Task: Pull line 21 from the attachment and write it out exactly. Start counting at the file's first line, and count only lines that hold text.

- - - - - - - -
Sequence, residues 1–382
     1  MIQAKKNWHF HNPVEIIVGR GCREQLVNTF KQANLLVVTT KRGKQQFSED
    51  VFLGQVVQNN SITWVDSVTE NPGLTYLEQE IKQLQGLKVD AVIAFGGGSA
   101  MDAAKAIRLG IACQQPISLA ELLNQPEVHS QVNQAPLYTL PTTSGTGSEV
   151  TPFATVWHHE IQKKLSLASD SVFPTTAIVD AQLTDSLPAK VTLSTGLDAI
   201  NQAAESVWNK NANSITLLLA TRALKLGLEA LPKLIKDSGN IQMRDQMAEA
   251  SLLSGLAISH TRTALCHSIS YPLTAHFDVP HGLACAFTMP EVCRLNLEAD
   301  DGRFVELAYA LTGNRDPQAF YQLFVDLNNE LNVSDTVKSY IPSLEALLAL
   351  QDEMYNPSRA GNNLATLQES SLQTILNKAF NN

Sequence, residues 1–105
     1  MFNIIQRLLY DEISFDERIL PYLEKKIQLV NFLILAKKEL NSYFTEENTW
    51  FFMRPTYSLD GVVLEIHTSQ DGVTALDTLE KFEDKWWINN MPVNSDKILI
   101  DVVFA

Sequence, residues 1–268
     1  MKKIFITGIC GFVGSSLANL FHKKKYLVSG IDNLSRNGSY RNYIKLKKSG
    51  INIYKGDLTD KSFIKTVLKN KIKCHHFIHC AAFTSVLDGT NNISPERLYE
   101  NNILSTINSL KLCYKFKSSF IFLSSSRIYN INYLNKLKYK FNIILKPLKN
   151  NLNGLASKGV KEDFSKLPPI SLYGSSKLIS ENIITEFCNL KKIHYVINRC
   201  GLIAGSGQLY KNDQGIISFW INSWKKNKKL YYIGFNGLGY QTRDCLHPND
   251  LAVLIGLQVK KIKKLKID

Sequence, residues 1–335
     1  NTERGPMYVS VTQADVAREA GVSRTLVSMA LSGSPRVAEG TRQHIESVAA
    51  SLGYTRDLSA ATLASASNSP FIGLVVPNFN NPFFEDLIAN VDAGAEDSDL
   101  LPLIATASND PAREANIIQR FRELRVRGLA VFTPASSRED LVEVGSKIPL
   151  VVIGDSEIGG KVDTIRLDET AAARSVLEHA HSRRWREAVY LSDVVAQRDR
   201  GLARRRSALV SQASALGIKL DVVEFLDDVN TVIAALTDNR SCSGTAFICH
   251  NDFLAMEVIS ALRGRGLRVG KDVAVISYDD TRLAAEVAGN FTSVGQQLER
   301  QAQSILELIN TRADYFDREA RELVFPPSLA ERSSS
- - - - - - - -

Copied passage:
Sequence, residues 1–335